When you work in management consultancy, you know there are essentially two areas of work. Re-designing the old, if we’re playing buzz word bingo it’s transformation. Then there’s designing anew. Ie innovation. There’s far more money in transformation, because what exists already is big, complex and hard to change — it needs tonnes of resource to move the needle. Businesses tend to want to transform despite the large costs, because it feels less risky for them to change an existing thing than build something new and unknown, unproven. Better to keep the revenues flowing. Management consultancies have always been happy in the transformation space because they have scale, they can resource up in a moment’s notice, taking on behemoth change management programmes, and banking the commensurately large cheque that goes with them.

Innovation (or more sensibly called, the future of your business), has until relatively recently been seen as something to do on the periphery, requiring certain specialists skillsets and tools outlined in 1 2 3 strikes. Skillsets and tools that management consultancies never had. At least until MCs slowly woke up to the fact that first digital, then design boutiques were eating their lunch. Not only that, but these boutiques were building things in an entirely new way, generating a different kind of value, building a whole new business case. User-centred design and design thinking were suddenly en vogue. Not starting with the question “how do we make the most margin on this?” but “what problem are we solving, what is it that people need, how do we best provide it?”.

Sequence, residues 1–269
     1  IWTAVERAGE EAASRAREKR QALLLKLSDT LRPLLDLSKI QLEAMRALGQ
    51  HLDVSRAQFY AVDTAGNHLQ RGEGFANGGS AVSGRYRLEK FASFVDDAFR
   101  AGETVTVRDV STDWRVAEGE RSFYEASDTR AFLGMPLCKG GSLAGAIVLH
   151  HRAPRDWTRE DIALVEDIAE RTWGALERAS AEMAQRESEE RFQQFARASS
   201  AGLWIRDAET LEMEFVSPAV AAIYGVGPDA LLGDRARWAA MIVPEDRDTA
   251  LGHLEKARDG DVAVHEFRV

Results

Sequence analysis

What does a big firm do when faced with this dilemma? Either buys the competitor to take them out of the market, or absorbs them into The Borg to build and rapidly scale a new capability. Either option brings the work and the clients with, bolstering market value and control. The latter is obviously the more strategic, why kill a business when clients obviously want what boutiques are selling and it’s something the big firms didn’t have.

The recent past.

From the early noughties, tech and software companies knew they needed good design, not just tech’ performance to make great digital products, and progressive tech businesses started making strategic acquisitions of design boutiques.

Large management consultancy’s clients were demanding ‘digital’ solutions that weren’t part of their core capabilities, so they too began a buying spree of some of the most highly respected digital design agencies.

“According to Ad Age, all the top 3, and 8 of the top-10 ad agencies are not those legacy names that might visit your home nightly with their TV commercials. Instead, they are consultancies like Deloitte, Accenture, KPMG and PwC. Even McKinsey is slowly building an agency arm.”

Forbes April 2016